Photo: LUDOVIC MARIN / AFP / Getty Images
All states should impose a global moratorium on the sale and transfer of surveillance technology until regulations are established that guarantee that its use complies with human rights standards, experts from the United Nations (UN) said in a statement.
After discovering last month that Israeli Pegasus software was used to spy on hundreds of journalists, political leaders and activists, “it is highly dangerous and irresponsible to allow surveillance technology to circulate freely on commercial networks,” the experts argued.
The espionage revealed in the Pegasus case “violates the rights to freedom of expression, privacy and liberty, possibly putting hundreds of lives at risk, restricting freedom of the press and undermining democracy, peace and security,” they added.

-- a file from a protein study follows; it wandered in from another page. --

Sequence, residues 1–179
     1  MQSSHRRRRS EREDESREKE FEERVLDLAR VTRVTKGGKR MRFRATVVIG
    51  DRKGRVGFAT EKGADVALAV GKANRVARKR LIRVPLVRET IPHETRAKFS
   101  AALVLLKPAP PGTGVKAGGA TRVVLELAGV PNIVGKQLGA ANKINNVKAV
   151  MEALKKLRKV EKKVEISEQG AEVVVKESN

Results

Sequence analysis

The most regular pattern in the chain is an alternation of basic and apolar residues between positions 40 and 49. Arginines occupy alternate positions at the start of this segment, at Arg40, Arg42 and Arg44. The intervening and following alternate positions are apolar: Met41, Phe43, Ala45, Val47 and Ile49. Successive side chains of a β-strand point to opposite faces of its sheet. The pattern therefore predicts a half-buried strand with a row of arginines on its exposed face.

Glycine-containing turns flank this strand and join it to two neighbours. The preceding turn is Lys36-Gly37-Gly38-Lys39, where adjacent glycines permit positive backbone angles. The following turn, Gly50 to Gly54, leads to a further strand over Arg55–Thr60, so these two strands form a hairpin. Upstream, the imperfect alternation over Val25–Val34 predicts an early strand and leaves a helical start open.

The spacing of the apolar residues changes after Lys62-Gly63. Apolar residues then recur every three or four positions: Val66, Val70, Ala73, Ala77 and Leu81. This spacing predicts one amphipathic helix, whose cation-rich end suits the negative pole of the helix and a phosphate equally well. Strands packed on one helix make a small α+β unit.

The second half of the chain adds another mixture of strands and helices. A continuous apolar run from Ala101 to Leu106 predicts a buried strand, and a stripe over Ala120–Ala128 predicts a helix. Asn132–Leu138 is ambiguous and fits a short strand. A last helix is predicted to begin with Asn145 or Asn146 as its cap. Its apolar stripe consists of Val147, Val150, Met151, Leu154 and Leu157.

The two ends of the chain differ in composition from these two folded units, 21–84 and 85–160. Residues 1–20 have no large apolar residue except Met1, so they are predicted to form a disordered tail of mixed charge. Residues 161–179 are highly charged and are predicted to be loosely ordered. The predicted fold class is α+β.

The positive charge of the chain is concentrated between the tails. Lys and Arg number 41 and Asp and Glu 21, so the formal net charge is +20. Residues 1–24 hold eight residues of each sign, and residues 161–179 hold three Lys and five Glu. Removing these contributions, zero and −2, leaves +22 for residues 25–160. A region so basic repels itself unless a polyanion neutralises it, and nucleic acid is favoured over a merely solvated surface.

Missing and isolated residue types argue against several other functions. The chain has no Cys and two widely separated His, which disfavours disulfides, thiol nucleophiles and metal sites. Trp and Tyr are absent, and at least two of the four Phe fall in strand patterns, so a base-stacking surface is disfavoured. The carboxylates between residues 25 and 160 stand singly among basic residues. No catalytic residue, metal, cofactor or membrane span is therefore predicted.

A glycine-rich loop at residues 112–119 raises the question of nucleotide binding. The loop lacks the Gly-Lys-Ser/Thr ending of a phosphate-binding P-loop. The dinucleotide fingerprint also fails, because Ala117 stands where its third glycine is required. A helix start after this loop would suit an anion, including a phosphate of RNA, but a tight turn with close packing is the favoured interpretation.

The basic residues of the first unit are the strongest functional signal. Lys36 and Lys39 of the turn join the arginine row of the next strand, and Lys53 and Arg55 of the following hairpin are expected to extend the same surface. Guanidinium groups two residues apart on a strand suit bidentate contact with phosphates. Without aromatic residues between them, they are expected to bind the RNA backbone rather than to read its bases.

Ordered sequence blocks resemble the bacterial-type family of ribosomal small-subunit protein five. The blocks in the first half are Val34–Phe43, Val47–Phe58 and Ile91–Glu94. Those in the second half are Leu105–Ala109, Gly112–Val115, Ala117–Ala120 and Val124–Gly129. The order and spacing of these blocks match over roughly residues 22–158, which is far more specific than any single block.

The request for a moratorium on trade in these products had already been launched two years ago by the UN rapporteur for freedom of expression, although experts have now decided to renew their call after “the international community did not listen.”
The signers of the communiqué also They demanded that the Government of Israel report whether it supervised the export of Pegasus software (developed by the local company NSO) to ensure that transactions complied with national human rights obligations.
Among the signing experts are the UN rapporteurs for freedom of expression (Irene Khan), for human rights defenders (Mary Lawlor), and for the right to free assembly and association (Clement Nyaletsossi Voulé).
Continue Reading: Asteroid Bennu, with an “extremely small” probability of impact on Earth, will pass from the year 2135